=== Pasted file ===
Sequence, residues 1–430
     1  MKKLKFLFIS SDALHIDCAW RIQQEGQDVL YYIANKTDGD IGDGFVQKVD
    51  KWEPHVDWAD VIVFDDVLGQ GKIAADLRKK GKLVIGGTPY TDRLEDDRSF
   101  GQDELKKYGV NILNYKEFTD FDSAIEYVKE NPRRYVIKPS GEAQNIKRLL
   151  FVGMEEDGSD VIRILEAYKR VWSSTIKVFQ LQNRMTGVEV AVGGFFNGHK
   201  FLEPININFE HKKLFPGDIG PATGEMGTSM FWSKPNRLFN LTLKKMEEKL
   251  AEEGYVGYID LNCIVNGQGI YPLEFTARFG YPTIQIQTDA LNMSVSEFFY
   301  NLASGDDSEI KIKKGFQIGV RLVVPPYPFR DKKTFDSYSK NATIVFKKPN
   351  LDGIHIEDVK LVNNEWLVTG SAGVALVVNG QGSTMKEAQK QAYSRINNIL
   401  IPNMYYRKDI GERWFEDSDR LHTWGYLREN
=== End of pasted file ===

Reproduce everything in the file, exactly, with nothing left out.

Sequence, residues 1–430
     1  MKKLKFLFIS SDALHIDCAW RIQQEGQDVL YYIANKTDGD IGDGFVQKVD
    51  KWEPHVDWAD VIVFDDVLGQ GKIAADLRKK GKLVIGGTPY TDRLEDDRSF
   101  GQDELKKYGV NILNYKEFTD FDSAIEYVKE NPRRYVIKPS GEAQNIKRLL
   151  FVGMEEDGSD VIRILEAYKR VWSSTIKVFQ LQNRMTGVEV AVGGFFNGHK
   201  FLEPININFE HKKLFPGDIG PATGEMGTSM FWSKPNRLFN LTLKKMEEKL
   251  AEEGYVGYID LNCIVNGQGI YPLEFTARFG YPTIQIQTDA LNMSVSEFFY
   301  NLASGDDSEI KIKKGFQIGV RLVVPPYPFR DKKTFDSYSK NATIVFKKPN
   351  LDGIHIEDVK LVNNEWLVTG SAGVALVVNG QGSTMKEAQK QAYSRINNIL
   401  IPNMYYRKDI GERWFEDSDR LHTWGYLREN